Belmont as a whole has seen some traction lately. Catawba Brewing Co. is wrapping up its 10,000-square-foot upfit at 933 Louise Ave. Laurel Street Residential is developing a residential community at 1322 Allen St., which will include 60 units of senior housing, 29 townhouse-style units and 23 garden-style apartments. And that neighborhood has become a hot spot for local home-flippers.
Pulte’s Central Point project will include a mix of three- and four-story units starting at 1,800 square feet. Cherry declined to estimate the price points of the units.
Groundbreaking is expected by the fourth quarter of 2017, with the first residents moving in by the end of 2018.
“We’ve been focused on the bookends of buyers — obviously, we do really well with what we refer to as ‘move down in place,’ where (buyers) can find a location that suits their needs in their (neighborhood), and the entry-level buyer,” Cherry said. “Not to mention, we still have our core family business in the middle. I think it’s been a good spring.”
If you ask Savvy + Co. Real Estate agent Amanda Wommack about a particular Charlotte neighborhood, she’s probably lived there. “I moved into Belmont in 2004. I got married in 2008 and moved to Villa Heights and when my child started school at Highland Mill Montessori in 2014, I moved to NoDa,” says Amanda. Whew, we are tired already. We asked this expert packer upper to share more about these historic and popular Charlotte neighborhoods.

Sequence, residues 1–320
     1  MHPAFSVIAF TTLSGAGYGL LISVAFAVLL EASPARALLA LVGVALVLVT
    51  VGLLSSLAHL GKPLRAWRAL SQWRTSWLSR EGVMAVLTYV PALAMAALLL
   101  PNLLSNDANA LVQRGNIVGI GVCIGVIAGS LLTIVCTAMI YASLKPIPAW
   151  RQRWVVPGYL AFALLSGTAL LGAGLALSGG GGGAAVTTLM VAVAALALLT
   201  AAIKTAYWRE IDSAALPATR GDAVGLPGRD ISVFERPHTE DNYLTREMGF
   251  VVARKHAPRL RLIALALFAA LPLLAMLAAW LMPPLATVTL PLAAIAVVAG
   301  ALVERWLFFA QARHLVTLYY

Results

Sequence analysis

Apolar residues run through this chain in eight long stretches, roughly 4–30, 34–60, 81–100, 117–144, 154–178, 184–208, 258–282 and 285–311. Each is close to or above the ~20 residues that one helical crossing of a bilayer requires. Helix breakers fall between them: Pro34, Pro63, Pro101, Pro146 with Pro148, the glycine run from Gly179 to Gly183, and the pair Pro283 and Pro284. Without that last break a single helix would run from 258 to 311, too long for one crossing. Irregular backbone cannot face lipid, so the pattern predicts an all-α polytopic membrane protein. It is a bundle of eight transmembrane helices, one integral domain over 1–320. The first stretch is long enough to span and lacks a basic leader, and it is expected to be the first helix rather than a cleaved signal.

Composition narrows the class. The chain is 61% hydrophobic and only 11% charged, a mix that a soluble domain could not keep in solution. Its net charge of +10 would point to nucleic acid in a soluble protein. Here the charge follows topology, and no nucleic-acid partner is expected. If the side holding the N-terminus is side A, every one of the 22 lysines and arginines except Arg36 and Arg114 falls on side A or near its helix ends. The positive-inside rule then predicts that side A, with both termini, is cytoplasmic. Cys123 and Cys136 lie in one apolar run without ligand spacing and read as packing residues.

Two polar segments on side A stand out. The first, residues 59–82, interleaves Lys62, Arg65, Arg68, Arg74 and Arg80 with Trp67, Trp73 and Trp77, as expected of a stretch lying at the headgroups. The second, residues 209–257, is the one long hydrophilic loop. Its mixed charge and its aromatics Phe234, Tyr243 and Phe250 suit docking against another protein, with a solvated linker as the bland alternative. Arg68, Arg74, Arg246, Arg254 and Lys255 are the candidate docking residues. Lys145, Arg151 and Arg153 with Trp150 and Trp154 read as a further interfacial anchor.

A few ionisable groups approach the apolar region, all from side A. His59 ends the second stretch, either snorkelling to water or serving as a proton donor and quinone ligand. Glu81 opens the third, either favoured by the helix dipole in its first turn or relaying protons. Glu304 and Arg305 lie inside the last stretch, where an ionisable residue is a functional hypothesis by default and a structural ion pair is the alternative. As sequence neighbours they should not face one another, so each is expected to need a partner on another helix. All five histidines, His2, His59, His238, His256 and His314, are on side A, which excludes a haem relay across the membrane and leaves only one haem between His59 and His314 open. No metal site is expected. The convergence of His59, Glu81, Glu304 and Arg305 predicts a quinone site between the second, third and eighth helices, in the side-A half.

Belmont, Villa Heights and NoDa all started as working-class suburban neighborhoods for textile mill workers. This certainly adds to the charm of the homes and it is easy to see why people enjoy living here. “I love that I can walk through all these neighborhoods and experience the history of the city’s past with old mill homes and textile mills from the early 1900s,” says Amanda. See? History isn’t boring, it makes a great place to live.
Neighborhoods of today
Who knew these small mill town communities would become so popular? “Buyers are attracted to the old mill homes, bungalows, sidewalks, amazing views of Uptown, wraparound porches, coffee shops, restaurants, breweries, music venues and so much more,” says Amanda. Of course, all this walkability and the excellent location are pushing up home prices. In March 2017, the average sales price of a single family home in Noda and Villa Heights was close to $365,000, says Amanda. In the same month, the average sales price of a single-family home in the Belmont neighborhood was $249,000 compared to $130,000 in March 2015. That doesn’t mean you can’t get in these neighborhoods, but working with an agent who knows the area can make all the difference.
Looking toward the future